While looking through some code today, I came across an interesting(unecessary?) method for setting a variable: Adding a logical AND to the value.
I'm doing an exercise which i'm no being able to solve. I need to get the maximum accumulated profit by buying and selling bitcoins. I have a function(A,Y) which receive an A = array of different prices during time and a Y = fee Restrictions:
I've searched through various Range TS proposals, including P0896, the one incorporating the ranges into C++20. It seems from my reading that the only requirement the Iterator concept makes in terms of dereferenceability is that *t be valid syntax that yields an object of some type.
I am just wondering and confused as too why my output is messed up. The code is below. I am a beginner so please excuse my lack of skill. Any help would be very much appreciated.
Consider below codeOutput of the program is I understand the first two but can't get my head around the last one. How does b.foo() print 5. B class will inherit the foo method. But shouldn't it print what b.x would print? What exactly is happening here?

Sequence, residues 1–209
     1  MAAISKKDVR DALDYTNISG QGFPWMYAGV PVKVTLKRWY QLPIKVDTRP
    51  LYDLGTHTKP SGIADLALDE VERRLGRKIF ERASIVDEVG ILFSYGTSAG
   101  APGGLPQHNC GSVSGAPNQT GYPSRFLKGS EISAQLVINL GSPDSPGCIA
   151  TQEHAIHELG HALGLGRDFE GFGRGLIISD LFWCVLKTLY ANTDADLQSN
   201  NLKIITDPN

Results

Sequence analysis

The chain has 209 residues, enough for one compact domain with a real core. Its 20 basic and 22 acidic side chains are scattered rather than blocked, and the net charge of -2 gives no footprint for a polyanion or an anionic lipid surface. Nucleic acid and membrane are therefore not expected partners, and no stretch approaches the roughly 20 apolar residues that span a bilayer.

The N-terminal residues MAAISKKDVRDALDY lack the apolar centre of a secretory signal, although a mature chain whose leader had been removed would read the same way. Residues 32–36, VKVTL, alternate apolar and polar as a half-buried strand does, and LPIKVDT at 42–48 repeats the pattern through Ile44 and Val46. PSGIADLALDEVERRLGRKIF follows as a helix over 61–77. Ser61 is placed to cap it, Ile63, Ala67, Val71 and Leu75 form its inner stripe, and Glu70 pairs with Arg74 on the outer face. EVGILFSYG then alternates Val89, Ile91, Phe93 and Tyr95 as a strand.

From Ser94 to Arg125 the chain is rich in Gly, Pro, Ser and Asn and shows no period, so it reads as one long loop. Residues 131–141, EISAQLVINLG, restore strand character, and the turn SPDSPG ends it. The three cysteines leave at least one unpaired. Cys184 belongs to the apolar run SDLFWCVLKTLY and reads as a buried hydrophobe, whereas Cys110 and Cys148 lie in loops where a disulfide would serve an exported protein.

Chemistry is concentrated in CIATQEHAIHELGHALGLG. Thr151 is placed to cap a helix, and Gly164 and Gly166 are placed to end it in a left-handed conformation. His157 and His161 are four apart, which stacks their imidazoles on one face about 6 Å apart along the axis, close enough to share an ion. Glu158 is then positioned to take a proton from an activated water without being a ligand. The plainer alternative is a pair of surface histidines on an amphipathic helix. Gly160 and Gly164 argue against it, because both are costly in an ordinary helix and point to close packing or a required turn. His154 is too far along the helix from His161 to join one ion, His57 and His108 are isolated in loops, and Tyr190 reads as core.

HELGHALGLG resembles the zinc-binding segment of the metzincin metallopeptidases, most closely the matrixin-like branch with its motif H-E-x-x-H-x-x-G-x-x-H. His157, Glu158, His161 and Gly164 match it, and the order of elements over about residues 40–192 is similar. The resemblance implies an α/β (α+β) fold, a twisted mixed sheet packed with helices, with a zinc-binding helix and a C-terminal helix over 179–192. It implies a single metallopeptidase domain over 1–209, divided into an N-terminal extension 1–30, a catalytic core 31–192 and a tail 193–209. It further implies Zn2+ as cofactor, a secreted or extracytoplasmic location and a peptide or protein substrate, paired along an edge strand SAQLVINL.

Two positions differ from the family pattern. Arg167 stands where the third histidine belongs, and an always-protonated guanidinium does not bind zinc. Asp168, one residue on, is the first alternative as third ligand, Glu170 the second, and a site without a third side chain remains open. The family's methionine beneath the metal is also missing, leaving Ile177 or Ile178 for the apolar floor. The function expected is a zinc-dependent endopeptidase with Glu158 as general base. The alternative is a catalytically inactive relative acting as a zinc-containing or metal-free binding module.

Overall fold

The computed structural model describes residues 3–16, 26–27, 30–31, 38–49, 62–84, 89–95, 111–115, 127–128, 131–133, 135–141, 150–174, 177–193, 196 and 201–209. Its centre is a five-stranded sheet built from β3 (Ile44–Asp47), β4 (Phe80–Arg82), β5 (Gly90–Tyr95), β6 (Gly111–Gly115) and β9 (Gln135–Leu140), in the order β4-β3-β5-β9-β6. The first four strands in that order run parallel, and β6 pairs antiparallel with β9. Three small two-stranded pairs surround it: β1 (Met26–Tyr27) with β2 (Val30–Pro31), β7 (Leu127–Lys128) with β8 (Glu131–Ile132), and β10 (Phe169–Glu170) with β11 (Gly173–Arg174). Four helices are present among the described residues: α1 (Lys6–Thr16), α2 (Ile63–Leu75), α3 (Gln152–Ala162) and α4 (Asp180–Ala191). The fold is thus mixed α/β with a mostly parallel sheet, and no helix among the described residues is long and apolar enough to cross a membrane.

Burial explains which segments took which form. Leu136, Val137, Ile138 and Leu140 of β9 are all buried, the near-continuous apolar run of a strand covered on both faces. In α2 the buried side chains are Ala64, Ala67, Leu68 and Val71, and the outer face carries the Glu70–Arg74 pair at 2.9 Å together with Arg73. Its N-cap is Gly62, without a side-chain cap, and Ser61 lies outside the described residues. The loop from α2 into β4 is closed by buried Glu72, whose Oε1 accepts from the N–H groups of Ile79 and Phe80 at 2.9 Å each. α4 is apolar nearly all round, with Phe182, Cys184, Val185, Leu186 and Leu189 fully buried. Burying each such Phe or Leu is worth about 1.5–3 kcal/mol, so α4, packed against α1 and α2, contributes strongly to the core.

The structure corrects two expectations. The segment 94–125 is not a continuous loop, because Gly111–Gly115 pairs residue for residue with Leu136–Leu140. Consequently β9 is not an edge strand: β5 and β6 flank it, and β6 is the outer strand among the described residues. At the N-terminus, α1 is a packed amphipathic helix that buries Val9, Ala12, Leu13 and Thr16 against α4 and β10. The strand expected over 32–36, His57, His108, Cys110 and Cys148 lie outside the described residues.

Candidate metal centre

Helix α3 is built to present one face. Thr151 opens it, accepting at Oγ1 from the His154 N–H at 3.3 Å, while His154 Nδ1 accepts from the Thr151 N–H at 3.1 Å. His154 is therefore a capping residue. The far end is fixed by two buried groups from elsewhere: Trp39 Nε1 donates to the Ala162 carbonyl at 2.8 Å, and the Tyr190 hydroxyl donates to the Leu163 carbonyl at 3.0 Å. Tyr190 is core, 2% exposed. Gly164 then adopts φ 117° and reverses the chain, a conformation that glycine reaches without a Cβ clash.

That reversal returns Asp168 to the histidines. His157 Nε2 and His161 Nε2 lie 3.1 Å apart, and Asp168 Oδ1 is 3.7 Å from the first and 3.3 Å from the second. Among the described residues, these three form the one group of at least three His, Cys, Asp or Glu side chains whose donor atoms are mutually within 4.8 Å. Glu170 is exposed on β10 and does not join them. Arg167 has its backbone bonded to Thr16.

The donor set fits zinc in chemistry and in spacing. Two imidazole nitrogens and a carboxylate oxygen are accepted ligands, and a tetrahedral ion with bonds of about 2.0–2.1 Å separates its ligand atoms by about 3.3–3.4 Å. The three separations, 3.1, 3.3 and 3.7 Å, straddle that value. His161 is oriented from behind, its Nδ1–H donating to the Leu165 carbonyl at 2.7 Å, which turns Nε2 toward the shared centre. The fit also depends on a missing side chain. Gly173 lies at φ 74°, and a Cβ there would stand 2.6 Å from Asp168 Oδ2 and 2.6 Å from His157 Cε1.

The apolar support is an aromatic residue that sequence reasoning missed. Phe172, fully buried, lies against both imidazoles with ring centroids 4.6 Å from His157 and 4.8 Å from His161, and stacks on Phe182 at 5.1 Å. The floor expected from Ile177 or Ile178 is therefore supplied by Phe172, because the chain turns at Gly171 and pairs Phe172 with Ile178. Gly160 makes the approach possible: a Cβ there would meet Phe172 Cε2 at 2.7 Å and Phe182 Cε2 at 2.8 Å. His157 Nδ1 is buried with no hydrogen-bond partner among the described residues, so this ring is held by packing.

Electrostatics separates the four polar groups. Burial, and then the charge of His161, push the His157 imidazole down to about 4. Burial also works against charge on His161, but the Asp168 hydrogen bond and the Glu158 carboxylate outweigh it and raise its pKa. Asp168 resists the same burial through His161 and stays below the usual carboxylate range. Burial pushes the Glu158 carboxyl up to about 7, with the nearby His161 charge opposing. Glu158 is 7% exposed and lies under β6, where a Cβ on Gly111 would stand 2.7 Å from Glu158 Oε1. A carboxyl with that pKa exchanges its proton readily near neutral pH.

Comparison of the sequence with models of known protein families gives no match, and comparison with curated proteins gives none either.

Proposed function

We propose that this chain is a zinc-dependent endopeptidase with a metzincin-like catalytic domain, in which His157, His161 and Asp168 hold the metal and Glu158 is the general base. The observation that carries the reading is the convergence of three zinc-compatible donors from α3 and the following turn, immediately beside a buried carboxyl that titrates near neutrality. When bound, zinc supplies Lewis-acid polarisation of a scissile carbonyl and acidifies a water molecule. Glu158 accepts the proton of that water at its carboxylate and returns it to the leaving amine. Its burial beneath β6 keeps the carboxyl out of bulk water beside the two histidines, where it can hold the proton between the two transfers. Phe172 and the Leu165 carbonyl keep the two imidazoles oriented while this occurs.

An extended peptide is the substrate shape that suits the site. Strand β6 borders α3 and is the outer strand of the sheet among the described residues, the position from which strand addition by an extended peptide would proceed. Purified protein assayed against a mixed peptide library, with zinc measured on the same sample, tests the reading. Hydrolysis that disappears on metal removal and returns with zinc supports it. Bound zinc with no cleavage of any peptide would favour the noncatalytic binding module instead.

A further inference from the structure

I have a match expression that I would like to potentially return an error from. It seems that the compiler is not able to infer that the last case e is an Err(String) and requires the pattern to be explicit:
I have 2 dataframesdf1df2My expected outputI want to create new dataframe merging both with col and row wise. I tried to use merge() but it didn't worked
I want to split an array of strings into two arrays. However, when I push the strings into the new arrays, it should be alternating. So, if the array is:
What is the difference between let add1 x = x + 1 and let add2 x = x +1. The accidental removal of space changed the type of function from val add1 : x:int->int to val add2 : x:(int -> 'a) -> 'a
I was trying out the new dataclasses in Python 3.7The dataclass decorator can be passed arguments to control the dunder functions that are added to the class.